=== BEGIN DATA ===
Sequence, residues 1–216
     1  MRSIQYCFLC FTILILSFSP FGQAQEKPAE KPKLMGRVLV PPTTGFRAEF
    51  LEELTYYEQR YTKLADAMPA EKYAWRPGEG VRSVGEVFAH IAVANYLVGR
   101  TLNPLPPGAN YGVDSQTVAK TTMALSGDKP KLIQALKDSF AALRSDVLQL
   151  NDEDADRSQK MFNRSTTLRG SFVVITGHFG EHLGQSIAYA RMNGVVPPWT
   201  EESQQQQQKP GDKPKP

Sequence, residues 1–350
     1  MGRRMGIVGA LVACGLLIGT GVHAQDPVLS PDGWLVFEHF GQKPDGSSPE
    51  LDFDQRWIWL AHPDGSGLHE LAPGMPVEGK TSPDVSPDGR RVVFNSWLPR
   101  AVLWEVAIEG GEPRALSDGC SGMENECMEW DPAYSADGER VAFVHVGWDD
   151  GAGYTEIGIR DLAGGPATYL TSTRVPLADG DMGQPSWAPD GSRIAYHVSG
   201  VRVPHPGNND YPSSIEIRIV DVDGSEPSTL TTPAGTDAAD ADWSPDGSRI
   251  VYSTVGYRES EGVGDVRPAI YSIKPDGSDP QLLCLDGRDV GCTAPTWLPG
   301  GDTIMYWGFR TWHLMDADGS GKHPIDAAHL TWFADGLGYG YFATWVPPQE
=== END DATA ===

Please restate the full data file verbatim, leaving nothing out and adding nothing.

Sequence, residues 1–216
     1  MRSIQYCFLC FTILILSFSP FGQAQEKPAE KPKLMGRVLV PPTTGFRAEF
    51  LEELTYYEQR YTKLADAMPA EKYAWRPGEG VRSVGEVFAH IAVANYLVGR
   101  TLNPLPPGAN YGVDSQTVAK TTMALSGDKP KLIQALKDSF AALRSDVLQL
   151  NDEDADRSQK MFNRSTTLRG SFVVITGHFG EHLGQSIAYA RMNGVVPPWT
   201  EESQQQQQKP GDKPKP

Sequence, residues 1–350
     1  MGRRMGIVGA LVACGLLIGT GVHAQDPVLS PDGWLVFEHF GQKPDGSSPE
    51  LDFDQRWIWL AHPDGSGLHE LAPGMPVEGK TSPDVSPDGR RVVFNSWLPR
   101  AVLWEVAIEG GEPRALSDGC SGMENECMEW DPAYSADGER VAFVHVGWDD
   151  GAGYTEIGIR DLAGGPATYL TSTRVPLADG DMGQPSWAPD GSRIAYHVSG
   201  VRVPHPGNND YPSSIEIRIV DVDGSEPSTL TTPAGTDAAD ADWSPDGSRI
   251  VYSTVGYRES EGVGDVRPAI YSIKPDGSDP QLLCLDGRDV GCTAPTWLPG
   301  GDTIMYWGFR TWHLMDADGS GKHPIDAAHL TWFADGLGYG YFATWVPPQE